Saturday, October 19, 2013

A Newcomer's Reflections on the Great Game

I grew up in a football family. As far back as I can remember, I've cheered on the men in burgundy and gold on autumn Sunday afternoons (and have, of course, gotten very used to the feelings of optimism and subsequent defeat, since the Redskins have been mediocre for just that long). I played all of the requisite sports as a child--soccer, basketball, t-ball--but abandoned them at a pretty early age because I was fairly incompetent at anything athletic. Baseball I especially loathed, since it was so incredibly boring, especially compared to the excitement and physicality of football.

Fast-forward to college. I was still a devoted Redskins fan, but I started running into an obnoxious number of pretentious baseball fans (including my eventual best man) who would acknowledge that "football was fun and all" but that "it doesn't hold a candle to the majesty of the greatest game on Earth, America's past-time, the thinking man's sport, etc." Talk about a bunch of insufferable snobs. My opposition to baseball was only strengthened. (It didn't help that both of my area teams, the Orioles and the Nationals, had been terrible for about as long as the Redskins. It's hard to get really engaged with a perpetual loser without any family ties.)

Fast forward again to life after graduation. The year was 2012. I'd just gotten married to a wonderful woman and the world was bright and shiny and new. I decided that situational awareness for my area teams would be a good thing to have, so I subscribed to ESPN ScoreCenter alerts on my phone for the Nationals, Orioles, and Tigers (my wife's family's team). Suddenly I was getting score notifications every night, and around July I started to realize that all three of these teams were doing fairly well for themselves. In fact, they were all winning a good number of games. Especially the Nationals.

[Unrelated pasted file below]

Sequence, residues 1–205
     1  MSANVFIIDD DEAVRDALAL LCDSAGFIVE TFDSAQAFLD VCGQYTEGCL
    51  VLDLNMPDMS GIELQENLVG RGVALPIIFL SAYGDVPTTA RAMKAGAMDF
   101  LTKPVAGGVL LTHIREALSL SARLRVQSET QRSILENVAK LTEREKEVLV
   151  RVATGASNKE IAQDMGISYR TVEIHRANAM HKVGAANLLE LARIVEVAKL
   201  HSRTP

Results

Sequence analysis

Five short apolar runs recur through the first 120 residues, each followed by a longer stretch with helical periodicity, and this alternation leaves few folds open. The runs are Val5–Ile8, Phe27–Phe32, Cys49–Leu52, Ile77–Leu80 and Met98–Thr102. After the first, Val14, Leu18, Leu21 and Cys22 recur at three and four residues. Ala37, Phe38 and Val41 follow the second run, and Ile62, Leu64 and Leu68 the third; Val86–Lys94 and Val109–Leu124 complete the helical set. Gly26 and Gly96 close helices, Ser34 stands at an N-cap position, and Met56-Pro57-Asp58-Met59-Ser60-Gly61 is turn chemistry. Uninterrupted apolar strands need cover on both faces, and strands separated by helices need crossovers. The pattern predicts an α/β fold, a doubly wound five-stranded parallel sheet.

I started reading the Washington Post sports section to try and learn more about this surprisingly good team. I started hearing names like Bryce Harper, Stephen Strasburg, and Ryan Zimmerman, and they started to mean something to me. I started to care about the Great Strasburg Shutdown (I still think it was a good decision, for the record), and then I got ridiculously excited when they finished the season with the best record in baseball. The other two teams I was following also managed to make the playoffs in very exciting, last minute fashion (the Tigers after a late-season nose-dive by the White Sox, and the Orioles squeezing into the Wild Card game and then knocking out the Rangers). Suddenly baseball was exciting, and my team was the best in the league, and I couldn't get enough.

I still remember sitting in the kitchen on my computer watching MLB GameCenter update pitches for Game 4 of the NLDS against the Cardinals because I didn't have TBS in my cable package. I remember the tension watching Jayson Werth foul pitch after pitch in the bottom of the ninth with the game tied 1-1 and the Nationals in a win-or-go-home situation. I remember dancing around the kitchen like a maniac when he sent his walk-off homer over the left-field wall on the 13th pitch. I wasn't even watching the game, just a box score on a computer screen, but I was totally in--hook, line, and sinker. I was riding high.